This morning I drove my sister and her daughter to the airport. I’ve been laughing and talking for three days straight, in a way that only happens when my sister is around. She’s the one person who will travel with me from the cradle to the grave, the person with whom I can have a five-second conversation in which no words are spoken, but advice is offered and answered and argued and resolved by means of eye contact alone. With my sister, silliness is unavoidable (dying to tell the marshmallow story, Jen, but a promise is a promise) and adventure is optional. We can putz around the kitchen or get hopelessly lost in the suburbs of Portland, drink lavender cosmos at a riverside bar or walk laps around our neighborhood park, and we’ll spend the hours perfectly entertained in each other’s company.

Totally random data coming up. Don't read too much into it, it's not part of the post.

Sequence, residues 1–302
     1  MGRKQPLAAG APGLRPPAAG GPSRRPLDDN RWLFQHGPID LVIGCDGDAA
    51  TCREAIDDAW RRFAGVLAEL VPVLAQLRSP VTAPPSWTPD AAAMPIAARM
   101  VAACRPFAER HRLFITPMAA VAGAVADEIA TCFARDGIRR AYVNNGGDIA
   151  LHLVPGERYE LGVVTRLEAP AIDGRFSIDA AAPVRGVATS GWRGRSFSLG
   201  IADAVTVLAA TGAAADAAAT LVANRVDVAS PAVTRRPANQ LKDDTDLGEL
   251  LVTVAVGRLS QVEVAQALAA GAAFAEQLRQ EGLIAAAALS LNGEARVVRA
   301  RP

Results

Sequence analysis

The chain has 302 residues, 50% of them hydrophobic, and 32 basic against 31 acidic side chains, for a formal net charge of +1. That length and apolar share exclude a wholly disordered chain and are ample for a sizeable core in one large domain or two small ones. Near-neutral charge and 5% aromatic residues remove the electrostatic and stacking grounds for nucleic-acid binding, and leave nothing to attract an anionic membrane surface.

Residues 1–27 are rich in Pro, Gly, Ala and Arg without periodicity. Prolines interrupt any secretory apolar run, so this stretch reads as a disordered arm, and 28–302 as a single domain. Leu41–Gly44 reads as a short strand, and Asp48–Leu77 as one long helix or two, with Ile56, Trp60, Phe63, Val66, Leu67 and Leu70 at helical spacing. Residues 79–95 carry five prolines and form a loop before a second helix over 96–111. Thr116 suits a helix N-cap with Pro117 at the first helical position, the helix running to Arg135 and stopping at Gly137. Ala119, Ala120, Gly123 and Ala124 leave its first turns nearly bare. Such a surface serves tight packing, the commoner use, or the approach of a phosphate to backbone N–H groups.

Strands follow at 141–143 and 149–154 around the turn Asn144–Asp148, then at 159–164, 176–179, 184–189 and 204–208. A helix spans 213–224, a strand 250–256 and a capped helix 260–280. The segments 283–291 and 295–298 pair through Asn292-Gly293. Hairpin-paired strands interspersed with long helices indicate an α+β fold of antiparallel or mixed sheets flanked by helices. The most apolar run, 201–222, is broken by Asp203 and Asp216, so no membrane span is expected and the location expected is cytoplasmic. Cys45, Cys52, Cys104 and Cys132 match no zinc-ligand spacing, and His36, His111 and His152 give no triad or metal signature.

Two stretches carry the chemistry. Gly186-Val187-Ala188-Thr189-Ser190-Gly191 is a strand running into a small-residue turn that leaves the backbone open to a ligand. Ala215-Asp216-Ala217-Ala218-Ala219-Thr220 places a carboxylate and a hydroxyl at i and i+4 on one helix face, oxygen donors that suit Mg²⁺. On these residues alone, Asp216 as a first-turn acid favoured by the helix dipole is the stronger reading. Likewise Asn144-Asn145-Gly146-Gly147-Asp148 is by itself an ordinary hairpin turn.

It wasn’t always like this, of course. We are seventeen months apart, childhood rivals for mommy’s affection. I watched her prepare for her role as Betsy Ross in the school play with such bitter envy in my heart that I appropriated the memory as if it were my own; to this day I see myself on center stage in Mom’s homemade bonnet and apron, fake-stitching the stars and stripes in time to the piccolo, when in reality I was eating my little heart out from my seat in the fifth row. (Which may explain the time I carved her initials in our dining room table in a diabolical attempt to incriminate her.) You’d understand in my place. She had the pink fake-fur beanbag, the Farrah Fawcett hair, Chemin de Fer jeans with laces up the back. Her skin didn’t break out. She could play hacky sack. She was a rebel in liquid eyeliner, banging her head to the Scorpions and smoking with the big kids. I was a dark little emo chick who could not make the boys understand just how easy I wanted to be. Oh, big sister. I stuffed my bra full of cotton balls, trying to keep up.
We are grown women now and the playing field has long since leveled out. But admiring my sister is a lifelong habit, as comfortable and homey as my mother’s kitchen. I wish I didn’t have to do it from afar.
What’s it like with your siblings, then and now?